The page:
If publicity seemed like a good way to defend myself
If the media made it easy for me to tell them about the wrongdoing
If other authorities, (e.g. police, ombudsman) failed to stop the wrongdoing
If the organisation failed to stop the wrongdoing
If I began to suffer reprisals for speaking up about the wrongdoing

12.   Are there any other situations that you think would be likely to make you go to the media with inside information about serious wrongdoing?


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Question 13 out of 45.

13.   If you were to report serious wrongdoing to people in charge of an organisation you belonged to, how many people in the organisation would you want to know that it was you who provided the information?

14.   If you were to reveal serious wrongdoing to a journalist or media organisation, how many people would you want to know that it was you who provided the information?

15.   How much direct contact would you want to have with a journalist or media contact to whom you were considering giving inside information? Choose the statement closest to your view.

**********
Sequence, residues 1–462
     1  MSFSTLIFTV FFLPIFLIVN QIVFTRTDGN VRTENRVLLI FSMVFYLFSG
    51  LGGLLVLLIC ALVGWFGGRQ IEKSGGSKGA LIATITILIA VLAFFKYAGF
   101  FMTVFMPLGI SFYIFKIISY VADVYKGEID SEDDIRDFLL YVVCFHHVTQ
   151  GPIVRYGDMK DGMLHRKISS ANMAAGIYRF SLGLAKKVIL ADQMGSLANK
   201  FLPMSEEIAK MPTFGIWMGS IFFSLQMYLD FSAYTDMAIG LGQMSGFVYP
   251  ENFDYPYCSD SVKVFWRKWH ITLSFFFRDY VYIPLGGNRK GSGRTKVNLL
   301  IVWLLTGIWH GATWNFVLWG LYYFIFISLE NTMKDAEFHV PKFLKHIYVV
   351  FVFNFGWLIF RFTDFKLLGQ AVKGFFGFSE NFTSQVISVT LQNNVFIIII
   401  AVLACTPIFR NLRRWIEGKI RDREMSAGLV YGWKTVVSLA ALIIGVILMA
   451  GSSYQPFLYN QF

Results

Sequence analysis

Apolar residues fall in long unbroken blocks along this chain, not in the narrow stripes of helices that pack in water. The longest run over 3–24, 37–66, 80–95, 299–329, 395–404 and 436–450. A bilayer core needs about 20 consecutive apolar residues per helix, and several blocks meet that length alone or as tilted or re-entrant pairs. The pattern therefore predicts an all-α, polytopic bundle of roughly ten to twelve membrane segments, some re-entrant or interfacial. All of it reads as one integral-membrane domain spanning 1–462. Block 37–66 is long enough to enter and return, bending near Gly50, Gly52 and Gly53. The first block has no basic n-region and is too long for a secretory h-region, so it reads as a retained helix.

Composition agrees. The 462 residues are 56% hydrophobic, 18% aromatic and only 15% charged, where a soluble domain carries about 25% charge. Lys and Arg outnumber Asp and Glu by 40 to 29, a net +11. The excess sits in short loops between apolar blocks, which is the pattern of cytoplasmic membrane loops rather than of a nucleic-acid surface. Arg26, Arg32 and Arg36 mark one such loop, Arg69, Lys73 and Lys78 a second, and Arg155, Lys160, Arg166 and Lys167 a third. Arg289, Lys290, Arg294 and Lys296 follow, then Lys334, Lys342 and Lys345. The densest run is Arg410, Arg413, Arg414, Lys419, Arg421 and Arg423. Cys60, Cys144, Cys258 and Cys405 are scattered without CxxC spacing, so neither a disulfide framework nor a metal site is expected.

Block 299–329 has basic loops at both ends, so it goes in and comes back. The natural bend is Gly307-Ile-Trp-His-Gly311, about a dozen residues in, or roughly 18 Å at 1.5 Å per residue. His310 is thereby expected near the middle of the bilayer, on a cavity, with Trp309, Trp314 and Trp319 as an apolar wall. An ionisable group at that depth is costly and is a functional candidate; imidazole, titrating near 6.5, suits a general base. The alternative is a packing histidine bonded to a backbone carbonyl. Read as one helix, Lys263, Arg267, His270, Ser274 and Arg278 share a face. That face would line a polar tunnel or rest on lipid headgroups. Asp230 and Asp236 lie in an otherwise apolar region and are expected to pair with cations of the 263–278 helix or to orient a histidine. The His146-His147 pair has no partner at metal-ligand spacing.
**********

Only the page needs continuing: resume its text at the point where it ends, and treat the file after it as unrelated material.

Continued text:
16.   Some people think it is important to know and trust the journalist or media contact to whom they are considering giving inside information, but others think it doesn't matter. Which of the following best describes your view?

I would:

The next 10 questions ask about different things, if you were to give inside information about serious wrongdoing to the media. If you don't think you would ever give inside information to the media, you are welcome to Skip to Question 27. (You are also welcome to answer these questions if you wish.)

17.   If you were to approach a journalist or media organisation with inside information about serious wrongdoing, how important would each of the following be in your decision about which media organisation to go to?